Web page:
Yet, crude oil is still struggling today as a rising U.S. oil rig count offset news about OPEC nations working bywords putting a cap on Libyan and Nigerian oil output. It seems that there will be a meeting that will decide about a cap for countries without an OPEC quota and that may send a signal to the market that indeed there will be a cap on global OPEC oil output. Yet, we have rising U.S. oil production and the fact that the oil rig count rose yet again by 12 rigs, 7 for oil and 5 rigs for natural gas.
But are the rig counts telling the whole story? The number of active oil and gas rigs in the United States rose again this week, this time by 12, resuming what was the US shale patch’s impressive run of 23 weeks of steady gains, prior to last week’s decrease of a single rigs. But if you look at the breakdown it is not as impressive on the shale front. pointed out even as we added 7 oil rigs last week, after dropping by 2 the week before, we saw that Alaska added back 4 rigs this week that they lost recently to routine summer maintenance. Put another way, those four Alaskan rigs do not frack, and are merely used to manage the terminal decline of aging Alaskan oil fields. That leaves a net three new (productive) oil rigs added this week, but where?
The Gulf of Mexico did not add any rigs and stayed static at 21 rigs, so no new off-shore rigs added there. North Dakota shale added no new rigs staying steady at 52, so no new rigs added in the Bakken shale fields. In the basin breakout, we see that no new rigs added in the Eagle Ford shale fields. There was a loss of one rig this week in the Permian basin, a warning sign about the overall health of the shale play. So, in the three largest LTO shale basins, and the Gulf of Mexico there was a loss of one rig. points out that the rigs were added in the Woodford basin in Oklahoma. Was this due to an extremely low break-even there making mid to low $40s WTI profitable, or maybe because lease requiremensuressure that wells are drilled, even if one must postpone completions until the prices rise? Aren’t drilled but uncompleted wells also rising? says that, “it appears the U.S. shale market is reaching an inflection point in the mid-40s. With no gains in rigs for two weeks now in the largest basins, maybe the market is speaking? Will anybody listen?”
We also get Fed speak this week. Fed Chair Janet Yellen will be testifying and the market is pricing in more hawkish news on the rate front. Dollar strength may be a bit of a headwind.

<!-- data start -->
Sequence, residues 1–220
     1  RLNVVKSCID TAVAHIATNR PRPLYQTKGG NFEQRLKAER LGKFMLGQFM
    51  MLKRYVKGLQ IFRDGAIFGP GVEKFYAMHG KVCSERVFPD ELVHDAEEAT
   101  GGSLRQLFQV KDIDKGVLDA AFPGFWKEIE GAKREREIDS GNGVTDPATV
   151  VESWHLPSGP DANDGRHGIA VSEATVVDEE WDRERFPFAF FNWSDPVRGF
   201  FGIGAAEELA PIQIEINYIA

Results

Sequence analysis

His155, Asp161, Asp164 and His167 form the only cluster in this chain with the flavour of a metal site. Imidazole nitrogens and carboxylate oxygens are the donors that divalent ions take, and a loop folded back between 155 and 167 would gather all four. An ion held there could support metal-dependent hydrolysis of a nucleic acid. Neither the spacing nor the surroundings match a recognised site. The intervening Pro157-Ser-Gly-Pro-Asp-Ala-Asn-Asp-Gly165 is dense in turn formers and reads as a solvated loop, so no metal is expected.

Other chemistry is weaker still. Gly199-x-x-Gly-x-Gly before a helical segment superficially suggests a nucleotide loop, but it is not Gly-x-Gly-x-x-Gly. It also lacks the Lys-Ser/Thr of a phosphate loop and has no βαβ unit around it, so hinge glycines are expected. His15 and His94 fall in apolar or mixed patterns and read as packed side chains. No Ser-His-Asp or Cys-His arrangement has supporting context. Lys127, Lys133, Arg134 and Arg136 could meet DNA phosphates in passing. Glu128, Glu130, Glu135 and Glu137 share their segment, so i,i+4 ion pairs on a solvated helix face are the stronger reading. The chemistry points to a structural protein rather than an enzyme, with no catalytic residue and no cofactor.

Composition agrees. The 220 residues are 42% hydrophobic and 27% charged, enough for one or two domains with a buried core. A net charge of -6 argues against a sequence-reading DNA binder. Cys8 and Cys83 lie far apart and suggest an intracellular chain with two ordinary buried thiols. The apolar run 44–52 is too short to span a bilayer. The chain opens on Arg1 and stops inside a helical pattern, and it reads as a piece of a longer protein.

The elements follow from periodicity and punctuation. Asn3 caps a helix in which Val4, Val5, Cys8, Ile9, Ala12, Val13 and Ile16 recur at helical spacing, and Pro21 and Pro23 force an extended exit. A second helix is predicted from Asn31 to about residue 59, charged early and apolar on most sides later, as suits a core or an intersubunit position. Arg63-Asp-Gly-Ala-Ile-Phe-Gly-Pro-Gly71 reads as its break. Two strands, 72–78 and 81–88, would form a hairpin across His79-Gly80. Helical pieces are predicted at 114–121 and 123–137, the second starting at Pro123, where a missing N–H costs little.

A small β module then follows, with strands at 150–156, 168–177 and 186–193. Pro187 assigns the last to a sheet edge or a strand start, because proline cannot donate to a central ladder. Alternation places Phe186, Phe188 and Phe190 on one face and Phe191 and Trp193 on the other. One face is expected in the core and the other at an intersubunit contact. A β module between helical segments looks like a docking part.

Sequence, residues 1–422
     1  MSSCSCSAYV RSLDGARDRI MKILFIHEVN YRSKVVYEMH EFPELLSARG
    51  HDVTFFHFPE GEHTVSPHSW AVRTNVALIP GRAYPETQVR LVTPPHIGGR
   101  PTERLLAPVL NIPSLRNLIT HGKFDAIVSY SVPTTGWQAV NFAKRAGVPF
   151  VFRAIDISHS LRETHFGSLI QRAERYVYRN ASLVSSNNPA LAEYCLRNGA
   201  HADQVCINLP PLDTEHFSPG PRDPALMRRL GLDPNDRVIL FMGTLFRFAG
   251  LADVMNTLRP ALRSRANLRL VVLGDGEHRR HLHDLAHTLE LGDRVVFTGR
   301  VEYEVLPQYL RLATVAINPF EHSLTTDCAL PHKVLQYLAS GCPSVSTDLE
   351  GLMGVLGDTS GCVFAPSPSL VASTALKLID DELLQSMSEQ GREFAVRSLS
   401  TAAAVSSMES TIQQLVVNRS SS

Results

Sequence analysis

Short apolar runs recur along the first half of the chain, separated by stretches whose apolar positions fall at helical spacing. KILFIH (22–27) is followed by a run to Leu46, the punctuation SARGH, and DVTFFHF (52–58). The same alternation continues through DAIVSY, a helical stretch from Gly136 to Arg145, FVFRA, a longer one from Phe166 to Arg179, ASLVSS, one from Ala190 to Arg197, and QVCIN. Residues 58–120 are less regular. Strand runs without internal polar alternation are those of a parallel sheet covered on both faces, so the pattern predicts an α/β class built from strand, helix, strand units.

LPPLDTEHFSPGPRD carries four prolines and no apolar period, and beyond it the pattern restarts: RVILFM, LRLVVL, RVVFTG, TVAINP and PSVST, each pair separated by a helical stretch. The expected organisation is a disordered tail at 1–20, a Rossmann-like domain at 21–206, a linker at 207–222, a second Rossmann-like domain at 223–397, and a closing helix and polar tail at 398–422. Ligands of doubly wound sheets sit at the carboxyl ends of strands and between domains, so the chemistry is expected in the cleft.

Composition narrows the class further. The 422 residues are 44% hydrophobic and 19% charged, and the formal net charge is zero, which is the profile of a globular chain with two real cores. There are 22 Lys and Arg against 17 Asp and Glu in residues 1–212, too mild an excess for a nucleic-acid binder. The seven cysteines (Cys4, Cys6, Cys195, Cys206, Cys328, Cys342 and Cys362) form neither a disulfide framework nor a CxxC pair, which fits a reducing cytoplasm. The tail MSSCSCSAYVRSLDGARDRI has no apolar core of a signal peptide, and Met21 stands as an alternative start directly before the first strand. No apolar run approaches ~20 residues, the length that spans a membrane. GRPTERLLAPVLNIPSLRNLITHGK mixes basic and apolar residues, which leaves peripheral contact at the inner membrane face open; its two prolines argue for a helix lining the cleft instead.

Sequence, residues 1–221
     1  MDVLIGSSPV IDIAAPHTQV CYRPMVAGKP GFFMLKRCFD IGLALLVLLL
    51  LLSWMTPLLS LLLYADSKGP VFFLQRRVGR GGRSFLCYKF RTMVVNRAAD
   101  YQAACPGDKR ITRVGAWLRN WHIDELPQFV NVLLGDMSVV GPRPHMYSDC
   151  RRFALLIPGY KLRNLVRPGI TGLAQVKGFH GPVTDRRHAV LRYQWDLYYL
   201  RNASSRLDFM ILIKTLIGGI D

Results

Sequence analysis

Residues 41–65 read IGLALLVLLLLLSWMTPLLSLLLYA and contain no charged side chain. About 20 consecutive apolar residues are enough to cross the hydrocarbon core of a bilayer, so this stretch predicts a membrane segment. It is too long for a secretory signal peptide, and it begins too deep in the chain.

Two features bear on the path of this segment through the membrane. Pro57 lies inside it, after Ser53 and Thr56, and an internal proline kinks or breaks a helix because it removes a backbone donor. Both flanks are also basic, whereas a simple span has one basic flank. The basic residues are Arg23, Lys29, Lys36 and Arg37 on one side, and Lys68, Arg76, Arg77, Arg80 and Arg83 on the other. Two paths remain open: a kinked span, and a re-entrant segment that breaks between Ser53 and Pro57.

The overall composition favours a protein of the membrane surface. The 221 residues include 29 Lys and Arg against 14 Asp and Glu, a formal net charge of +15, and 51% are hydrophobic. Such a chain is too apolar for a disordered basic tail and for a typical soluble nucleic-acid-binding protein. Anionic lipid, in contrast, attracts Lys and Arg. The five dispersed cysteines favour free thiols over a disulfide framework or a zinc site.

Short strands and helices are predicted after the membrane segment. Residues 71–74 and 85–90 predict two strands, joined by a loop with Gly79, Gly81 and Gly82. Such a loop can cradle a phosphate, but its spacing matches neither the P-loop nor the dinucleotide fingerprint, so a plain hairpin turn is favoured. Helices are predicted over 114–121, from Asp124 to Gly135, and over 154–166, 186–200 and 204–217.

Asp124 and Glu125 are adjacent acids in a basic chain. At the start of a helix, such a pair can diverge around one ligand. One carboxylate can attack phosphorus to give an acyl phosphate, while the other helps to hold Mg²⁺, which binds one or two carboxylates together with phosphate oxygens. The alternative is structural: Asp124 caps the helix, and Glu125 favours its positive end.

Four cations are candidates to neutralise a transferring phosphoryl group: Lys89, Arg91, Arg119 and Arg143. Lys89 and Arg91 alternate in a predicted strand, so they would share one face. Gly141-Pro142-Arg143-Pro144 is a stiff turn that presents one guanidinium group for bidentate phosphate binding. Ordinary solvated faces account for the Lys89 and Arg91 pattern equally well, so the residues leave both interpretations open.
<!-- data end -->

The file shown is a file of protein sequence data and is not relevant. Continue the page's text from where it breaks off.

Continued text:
Crude oil prices firm, set for biggest weekly gain since mid-May

Sample bottle of crude oil are seen in this illustration photo June 1, 2017.     REUTERS/Thomas White/Illustration

Illustration photo of sample bottles of crude oil Thomson Reuters

SINGAPORE (Reuters) – Crude oil futures on Friday were on track for their biggest weekly gain since mid-May, ending five weeks of losses with prices underpinned by a decline in U.S. output.

U.S. crude futures have added 4.6 percent this week, while benchmark Brent has gained 4.2 percent. That marks the biggest rise for both markets since the week ending May 19.

U.S. crude was trading up 0.2 percent, or 8 cents, at $45.01 a barrel at 0024 GMT on Friday, with Brent climbing 0.2 percent, or 7 cents, to $47.49 a barrel.

Crude prices hit a 10-month low last week in the face of a mounting supply glut, but data indicating a fall in U.S. production has bolstered markets this week.

U.S. crude output dropped 100,000 barrels per day (bpd) to 9.3 million bpd last week, the steepest weekly fall since July 2016.

Meanwhile, the North Sea crude oil market is finally showing signs of long-lost strength, suggesting that some of the pessimism that has driven down oil futures this month and created a record bet against a price rise may be unjustified.

On Thursday, about 6 million barrels of North Sea Brent crude were being stored on ships, down from four-month highs of as many as 9 million last week, and trading sources said it seemed now refineries were starting to take in more cargoes.

In recent weeks, funds have been unloading long speculative positions, reducing bets on higher prices, while brokerages including Goldman Sachs and Societe Generale have cut their 2017 forecasts for crude prices.

SocGen on Thursday estimated U.S. crude futures would average $47.50 a barrel in the third quarter, down from previous expectations for $55.

Global oil supplies remain ample despite output cuts of 1.8 million bpd by the Organization of the Petroleum Exporting Countries and other producers since January.

“The market’s calls for further cuts from OPEC continue to be rejected by the oil group,” ANZ said in a note.

“UAE Energy Minister Suhail Al Mazrouei was the latest minister to suggest there are no plans or talks on further curbs. This follows on from comments from Russia that such a topic is not on the table.”

OPEC has exempted Nigeria and Libya from the curbs, leaving them free to ramp up output that had been sapped by local unrest.

Libyan oil production is nearing 1 million bpd, a Libyan source with direct knowledge of the matter told Reuters.

(Reporting by Naveen Thukral; Editing by Joseph Radford)